Never really thought about it. The money was good and things have a way of working themselves out. You put your worries at the back of your mind and fate handles it. Did you know Hugh Hefner owns the Y in Hollywood?
People shouldn’t talk when they’re dying, even if it takes a week longer than anticipated. The rose and cigarettes had outlasted her.
Fooled by a photo she’d supposedly taken in her year of freedom roaming the beds and couches of Tinsel Town. It was her accent, they’d all told her. They couldn’t hammer the hilljack out of her voice. She’d accepted her fate and pointed her bloated stomach back towards the Appalachian Mountains. My dad was anyone and everyone – an aged Richard Burton or an up-and-coming Brad Pitt.
It was a fairly modest story, as far as tall tales go – and perfectly reasonable to a child.
Moral of the story: nineteen year olds shouldn’t dream.
My legacy is under my arms and head, and behind my elevated legs. Blue shag carpeting above a graveyard of failed auditions, gold-framed photos and celebrity names for their lauded memories.
To burn the trailer to the ground or shrine it. To unpack my bags in her crimson bedroom or put out my thumb as she did. To buy pre-natal vitamins or call planned parenthood.
The twist: Patrick is the name of every boy in every story, the boy that’s nice but overlooked, whose shoulder is always waiting. But Patricks are sly – they never sleep on the couch after the drive home from the wake. They stop at the county liquor store for a bottle of Jack and wait for you to invite them into your cold mother’s room.
Buried in a Roberto Cavalli knock-off, hair like Marlyn Monroe. The wig obscured the damage the bullet did to the back of her left ear.
I told Patrick about running away, about her ultimate dissatisfaction with every dog. So eager and gorgeous, so interchangeable. Little doppelgängers of Celeste. We dragged suitcases of heels from underneath her bed to laugh at their audacity. Stilettos, in this mud. Suede, to wear in a diner.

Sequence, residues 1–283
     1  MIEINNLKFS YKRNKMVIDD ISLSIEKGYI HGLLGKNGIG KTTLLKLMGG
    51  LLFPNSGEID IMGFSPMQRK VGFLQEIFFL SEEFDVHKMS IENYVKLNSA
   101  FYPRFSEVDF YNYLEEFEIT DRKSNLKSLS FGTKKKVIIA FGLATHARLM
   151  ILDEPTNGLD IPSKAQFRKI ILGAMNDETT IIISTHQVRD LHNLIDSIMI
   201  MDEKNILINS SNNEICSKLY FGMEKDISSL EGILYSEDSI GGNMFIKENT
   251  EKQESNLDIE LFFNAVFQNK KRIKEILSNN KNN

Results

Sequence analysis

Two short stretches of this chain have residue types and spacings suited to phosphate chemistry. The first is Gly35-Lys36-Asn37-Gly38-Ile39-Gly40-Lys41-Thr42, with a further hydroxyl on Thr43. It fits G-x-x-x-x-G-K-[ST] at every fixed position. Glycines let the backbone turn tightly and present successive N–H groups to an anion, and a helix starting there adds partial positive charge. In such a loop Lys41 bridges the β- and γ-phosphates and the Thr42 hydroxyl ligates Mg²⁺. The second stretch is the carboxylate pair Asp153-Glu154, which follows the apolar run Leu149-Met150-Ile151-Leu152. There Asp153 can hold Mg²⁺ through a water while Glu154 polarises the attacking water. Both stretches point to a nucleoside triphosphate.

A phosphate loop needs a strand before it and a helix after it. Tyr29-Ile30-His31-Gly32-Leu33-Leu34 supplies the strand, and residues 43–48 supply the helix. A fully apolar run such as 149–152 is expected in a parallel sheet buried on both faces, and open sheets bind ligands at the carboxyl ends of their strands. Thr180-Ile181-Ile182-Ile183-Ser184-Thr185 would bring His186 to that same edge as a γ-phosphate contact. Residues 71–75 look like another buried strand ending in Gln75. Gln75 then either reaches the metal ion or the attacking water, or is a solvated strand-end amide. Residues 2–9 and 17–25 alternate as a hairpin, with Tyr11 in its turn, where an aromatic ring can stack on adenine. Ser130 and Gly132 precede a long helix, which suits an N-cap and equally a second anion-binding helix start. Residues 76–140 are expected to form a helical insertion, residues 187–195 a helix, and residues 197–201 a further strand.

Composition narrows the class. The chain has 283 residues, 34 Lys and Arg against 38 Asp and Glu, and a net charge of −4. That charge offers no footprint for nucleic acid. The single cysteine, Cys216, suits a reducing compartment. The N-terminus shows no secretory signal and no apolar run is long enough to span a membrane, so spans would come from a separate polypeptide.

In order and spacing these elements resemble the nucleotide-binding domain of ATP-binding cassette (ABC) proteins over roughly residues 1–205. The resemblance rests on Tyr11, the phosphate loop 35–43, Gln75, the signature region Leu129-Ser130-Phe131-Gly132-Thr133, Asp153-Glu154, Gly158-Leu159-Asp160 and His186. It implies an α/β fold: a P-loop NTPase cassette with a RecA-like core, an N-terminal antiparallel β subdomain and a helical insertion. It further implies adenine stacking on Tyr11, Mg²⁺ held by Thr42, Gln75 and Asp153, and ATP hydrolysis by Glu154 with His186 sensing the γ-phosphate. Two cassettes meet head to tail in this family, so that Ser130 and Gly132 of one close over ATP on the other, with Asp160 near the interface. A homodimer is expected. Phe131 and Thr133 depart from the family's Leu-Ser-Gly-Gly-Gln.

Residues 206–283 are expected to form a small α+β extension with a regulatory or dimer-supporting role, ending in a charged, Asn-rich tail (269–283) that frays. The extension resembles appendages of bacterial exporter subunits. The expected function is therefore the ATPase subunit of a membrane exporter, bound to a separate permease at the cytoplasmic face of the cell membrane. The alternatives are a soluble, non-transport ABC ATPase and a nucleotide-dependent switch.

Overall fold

Some were dusty.
Haven’t you ever wanted to reach through the mirror and strangle your own reflection? I’d asked. He didn’t understand or care. But he had sealed my mother’s lips for good. His clothes didn’t stink of formaldehyde, details like that are celluloid dreams.
Patrick will call, in – a glance at my watch, my arm is lead – approximately nineteen minutes.
Open bags or matches. Truth or lie.
Hollywood or Vegas, they’re both the same from matted carpet on a singlewide’s floor.
A dark spot on the baseboard catches my eye and I hitch – laugh or a croak, it’s hard to say. This is where she intended her outline be drawn.
Celeste’s locket falls, resting just to the left of my collarbone, a glittery ten karat noose. ‘To Thine Own Self Be True’ it reads. I mean, of course it does.
Gold is a lie.
I stare at Jack Lallane’s portrait, cocked head, glittering eyes, short attention span. “Gold is a lie.” His collar sparkles.
From the kitchen, the robin’s egg blue phone trills the future and the past into the present. The timing is off.
The photo crunches like tiny bones in my fist.